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  • egg | biology | Britannica.com
    shell membranes and the outermost membrane the shell As pointed out above this entire structure is commonly referred to as an egg Mature eggs remain functional for a relatively short period of time after which fertilization cannot occur The eggs of most invertebrates fish and amphibians must be fertilized a few minutes after they are shed into the water an exception is sea urchin eggs which are viable for about 40 hours after their release Most other animal eggs have life spans similar to that of the human egg i e 12 to 24 hours See also ovum Comments Share Email Print Cite You may also be interested in life organ cell reproduction science human body gamete human reproductive system ovum yolk hydramnios chorion Keep exploring The Human Body Fact or Fiction Human Body Fact or Fiction Human Body Fun Facts Fact or Fiction Editor Picks The 7 Best Pinecones Really Editor Picks Top 5 Most Awesome Parasitic Plants What made you want to look up egg To From Subject Comments Please limit to 900 characters Cancel Britannica Stories Behind The News Philosophy Religion Healing the Schism Pope Meets Patriarch Behind The News Science Gravitational Waves Observed Spotlight History Thomas Malthus s 250th Birthday See More Stories FEATURED QUIZZES Vocabulary Quiz True or False Spell It See More Quizzes About Us About Our Ads Contact Us Privacy Policy Terms of Use 2016 Encyclopædia Britannica Inc MLA style egg Encyclopædia Britannica Encyclopædia Britannica Online Encyclopædia Britannica Inc 2016 Web 12 Feb 2016 http www britannica com science egg biology APA style egg 2016 In Encyclopædia Britannica Retrieved from http www britannica com science egg biology Harvard style egg 2016 Encyclopædia Britannica Online Retrieved 12 February 2016 from http www britannica com science egg biology Chicago Manual of Style Encyclopædia Britannica Online

    Original URL path: http://www.britannica.com/science/egg-biology (2016-02-13)
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  • tadpole | zoology | Britannica.com
    internal gills are concealed by a covering known as an operculum Most tadpoles are vegetarians although those of a few species are carnivorous or even cannibalistic Tadpole metamorphosis follows a pattern of gradual development of forelimbs and hind limbs resorption of the tail shortening of the intestine disappearance of the gills and development of lungs Upon completion of metamorphosis the tadpole emerges onto land as a young 100 of 142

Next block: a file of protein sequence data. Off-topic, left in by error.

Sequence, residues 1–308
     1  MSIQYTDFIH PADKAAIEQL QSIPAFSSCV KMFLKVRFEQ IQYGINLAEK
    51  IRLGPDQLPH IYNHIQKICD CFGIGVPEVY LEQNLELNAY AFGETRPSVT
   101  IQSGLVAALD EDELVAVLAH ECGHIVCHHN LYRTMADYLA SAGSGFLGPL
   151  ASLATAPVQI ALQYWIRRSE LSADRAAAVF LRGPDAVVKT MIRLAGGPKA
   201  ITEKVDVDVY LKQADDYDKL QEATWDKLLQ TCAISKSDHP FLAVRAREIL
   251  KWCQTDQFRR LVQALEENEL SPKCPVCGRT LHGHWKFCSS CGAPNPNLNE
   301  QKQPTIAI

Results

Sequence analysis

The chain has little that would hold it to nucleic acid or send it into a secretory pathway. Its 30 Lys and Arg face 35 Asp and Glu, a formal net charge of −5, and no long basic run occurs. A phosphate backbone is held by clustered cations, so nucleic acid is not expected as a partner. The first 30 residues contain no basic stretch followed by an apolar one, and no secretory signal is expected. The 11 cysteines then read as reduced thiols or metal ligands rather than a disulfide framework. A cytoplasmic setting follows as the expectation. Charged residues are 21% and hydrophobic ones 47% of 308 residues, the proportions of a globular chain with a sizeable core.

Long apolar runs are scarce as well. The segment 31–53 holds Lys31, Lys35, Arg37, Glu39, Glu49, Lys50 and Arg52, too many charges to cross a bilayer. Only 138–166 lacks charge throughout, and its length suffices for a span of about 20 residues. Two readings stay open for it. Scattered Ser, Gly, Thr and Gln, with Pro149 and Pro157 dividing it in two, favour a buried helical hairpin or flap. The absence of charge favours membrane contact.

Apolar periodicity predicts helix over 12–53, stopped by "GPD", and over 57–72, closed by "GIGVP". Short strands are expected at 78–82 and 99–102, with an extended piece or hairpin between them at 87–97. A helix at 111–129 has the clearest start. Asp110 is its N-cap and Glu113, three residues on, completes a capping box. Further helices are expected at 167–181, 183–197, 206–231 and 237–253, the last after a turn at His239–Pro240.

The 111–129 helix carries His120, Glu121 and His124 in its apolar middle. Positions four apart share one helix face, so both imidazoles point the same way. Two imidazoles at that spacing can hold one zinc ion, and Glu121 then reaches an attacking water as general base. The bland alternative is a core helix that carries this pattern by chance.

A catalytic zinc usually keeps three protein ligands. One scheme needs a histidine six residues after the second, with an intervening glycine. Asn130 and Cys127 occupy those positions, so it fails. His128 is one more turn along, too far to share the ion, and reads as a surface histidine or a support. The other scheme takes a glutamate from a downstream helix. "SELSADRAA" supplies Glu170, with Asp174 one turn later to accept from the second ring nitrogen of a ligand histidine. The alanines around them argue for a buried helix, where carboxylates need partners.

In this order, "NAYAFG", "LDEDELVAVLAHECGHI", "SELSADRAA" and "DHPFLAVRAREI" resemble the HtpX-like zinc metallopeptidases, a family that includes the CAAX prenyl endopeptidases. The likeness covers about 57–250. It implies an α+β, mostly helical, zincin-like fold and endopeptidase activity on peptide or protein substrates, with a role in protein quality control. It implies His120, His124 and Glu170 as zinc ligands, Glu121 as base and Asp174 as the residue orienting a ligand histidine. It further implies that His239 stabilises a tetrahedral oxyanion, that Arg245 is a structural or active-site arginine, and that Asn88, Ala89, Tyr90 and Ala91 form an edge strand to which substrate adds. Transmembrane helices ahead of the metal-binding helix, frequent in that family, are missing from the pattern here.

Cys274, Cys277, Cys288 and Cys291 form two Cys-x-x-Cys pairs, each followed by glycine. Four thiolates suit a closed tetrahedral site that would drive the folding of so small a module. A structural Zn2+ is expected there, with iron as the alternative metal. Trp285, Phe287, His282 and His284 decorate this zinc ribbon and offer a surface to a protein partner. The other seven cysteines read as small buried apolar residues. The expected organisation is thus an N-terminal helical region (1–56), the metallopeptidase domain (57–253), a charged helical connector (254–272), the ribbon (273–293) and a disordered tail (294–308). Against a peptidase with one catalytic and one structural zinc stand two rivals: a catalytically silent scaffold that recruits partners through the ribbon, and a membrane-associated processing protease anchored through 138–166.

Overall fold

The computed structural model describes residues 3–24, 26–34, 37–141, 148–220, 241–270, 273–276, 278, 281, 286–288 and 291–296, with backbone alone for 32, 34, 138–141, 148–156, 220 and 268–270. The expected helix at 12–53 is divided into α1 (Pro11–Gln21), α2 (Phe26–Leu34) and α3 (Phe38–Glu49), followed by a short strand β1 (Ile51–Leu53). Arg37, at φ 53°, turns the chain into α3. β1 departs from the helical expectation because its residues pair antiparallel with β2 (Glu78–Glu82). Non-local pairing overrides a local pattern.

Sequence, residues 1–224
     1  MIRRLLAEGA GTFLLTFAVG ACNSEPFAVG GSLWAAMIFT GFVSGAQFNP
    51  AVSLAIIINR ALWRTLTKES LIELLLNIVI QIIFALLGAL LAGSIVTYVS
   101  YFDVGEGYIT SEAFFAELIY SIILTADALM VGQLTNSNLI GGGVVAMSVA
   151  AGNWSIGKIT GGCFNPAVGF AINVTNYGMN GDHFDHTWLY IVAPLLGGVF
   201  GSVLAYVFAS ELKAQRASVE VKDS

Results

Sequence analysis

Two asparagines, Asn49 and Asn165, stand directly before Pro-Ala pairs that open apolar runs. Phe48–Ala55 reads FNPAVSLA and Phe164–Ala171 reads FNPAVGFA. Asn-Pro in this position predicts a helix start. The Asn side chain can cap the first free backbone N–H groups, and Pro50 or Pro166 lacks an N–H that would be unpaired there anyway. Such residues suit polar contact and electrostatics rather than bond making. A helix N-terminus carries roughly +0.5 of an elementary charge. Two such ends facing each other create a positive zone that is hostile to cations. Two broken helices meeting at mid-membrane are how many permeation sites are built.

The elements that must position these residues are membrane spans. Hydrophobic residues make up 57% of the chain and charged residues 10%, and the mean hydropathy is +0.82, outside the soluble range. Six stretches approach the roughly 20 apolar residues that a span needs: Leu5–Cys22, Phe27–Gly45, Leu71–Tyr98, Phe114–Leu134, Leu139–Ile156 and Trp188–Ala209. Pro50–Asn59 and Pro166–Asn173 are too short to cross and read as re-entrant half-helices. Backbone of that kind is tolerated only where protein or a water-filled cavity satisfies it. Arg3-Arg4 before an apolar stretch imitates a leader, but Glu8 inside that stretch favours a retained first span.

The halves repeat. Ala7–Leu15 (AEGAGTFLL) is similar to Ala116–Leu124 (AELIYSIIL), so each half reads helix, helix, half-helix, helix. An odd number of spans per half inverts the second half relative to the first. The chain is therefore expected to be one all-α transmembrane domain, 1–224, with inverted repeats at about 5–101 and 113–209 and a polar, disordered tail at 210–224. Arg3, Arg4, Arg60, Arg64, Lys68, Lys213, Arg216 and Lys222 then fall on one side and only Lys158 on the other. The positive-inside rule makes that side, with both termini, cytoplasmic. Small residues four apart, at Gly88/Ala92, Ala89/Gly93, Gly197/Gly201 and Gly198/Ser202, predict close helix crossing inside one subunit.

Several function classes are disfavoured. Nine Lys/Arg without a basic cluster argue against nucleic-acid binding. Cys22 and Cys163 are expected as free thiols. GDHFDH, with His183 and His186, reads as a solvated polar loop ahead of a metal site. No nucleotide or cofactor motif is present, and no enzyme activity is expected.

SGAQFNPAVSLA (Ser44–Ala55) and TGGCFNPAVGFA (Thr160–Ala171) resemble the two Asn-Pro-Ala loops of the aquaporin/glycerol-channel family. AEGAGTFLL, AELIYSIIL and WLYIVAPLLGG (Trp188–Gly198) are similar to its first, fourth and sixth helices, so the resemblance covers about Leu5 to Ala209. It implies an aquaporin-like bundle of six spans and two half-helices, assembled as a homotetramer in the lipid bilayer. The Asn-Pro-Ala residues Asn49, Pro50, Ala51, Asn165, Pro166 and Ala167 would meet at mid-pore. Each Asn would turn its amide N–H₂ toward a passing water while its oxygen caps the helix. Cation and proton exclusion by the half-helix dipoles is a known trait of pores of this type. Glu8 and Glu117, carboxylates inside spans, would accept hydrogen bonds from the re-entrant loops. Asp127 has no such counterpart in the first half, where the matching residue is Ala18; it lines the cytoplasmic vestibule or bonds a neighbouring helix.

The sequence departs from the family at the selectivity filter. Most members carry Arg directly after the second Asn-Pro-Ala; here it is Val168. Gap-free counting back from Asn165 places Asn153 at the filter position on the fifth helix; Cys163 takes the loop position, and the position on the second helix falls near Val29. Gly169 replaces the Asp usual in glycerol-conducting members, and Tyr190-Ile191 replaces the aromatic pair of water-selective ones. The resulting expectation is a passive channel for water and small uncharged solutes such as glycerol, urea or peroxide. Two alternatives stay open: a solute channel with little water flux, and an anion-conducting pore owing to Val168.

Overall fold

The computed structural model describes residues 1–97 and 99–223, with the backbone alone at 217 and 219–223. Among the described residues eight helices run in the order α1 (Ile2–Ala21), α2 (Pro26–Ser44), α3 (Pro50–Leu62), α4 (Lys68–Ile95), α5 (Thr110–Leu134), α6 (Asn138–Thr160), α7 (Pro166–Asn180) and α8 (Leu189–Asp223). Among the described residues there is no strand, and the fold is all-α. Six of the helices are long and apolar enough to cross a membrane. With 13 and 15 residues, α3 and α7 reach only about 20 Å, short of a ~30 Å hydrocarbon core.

Original URL path: http://www.britannica.com/science/tadpole (2016-02-13)
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  • Mantellidae | amphibian family | Britannica.com
    Ads Contact Us Privacy Policy Terms of Use 2016 Encyclopædia Britannica Inc MLA style Mantellidae Encyclopædia Britannica Encyclopædia Britannica Online Encyclopædia Britannica Inc 2016 Web 12 Feb 2016 http www britannica com animal Mantellidae APA style Mantellidae 2016 In Encyclopædia Britannica Retrieved from http www britannica com animal Mantellidae Harvard style Mantellidae 2016 Encyclopædia Britannica Online Retrieved 12 February 2016 from http www britannica com animal Mantellidae Chicago Manual of Style Encyclopædia Britannica Online s v Mantellidae accessed February 12 2016 http www britannica com animal Mantellidae While every effort has been made to follow citation style rules there may be some discrepancies Please refer to the appropriate style manual or other sources if you have any questions Update Link Click anywhere inside the article to add text or insert superscripts subscripts and special characters You can also highlight a section and use the tools in this bar to modify existing content Add links to related Britannica articles You can double click any word or highlight a word or phrase in the text below and then select an article from the search box Or simply highlight a word or phrase in the article then enter the article name or term you d like to link to in the search box below and select from the list of results Note we do not allow links to external resources in editor Please click the Web sites link for this article to add citations for external Web sites Editing Tools Tips for Editing Leave Edit Mode Submit We welcome suggested improvements to any of our articles You can make it easier for us to review and hopefully publish your contribution by keeping a few points in mind Encyclopaedia Britannica articles are written in a neutral objective tone for a general audience You may

    Original URL path: http://www.britannica.com/animal/Mantellidae (2016-02-13)
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  • evolution - The science of evolution | scientific theory | Britannica.com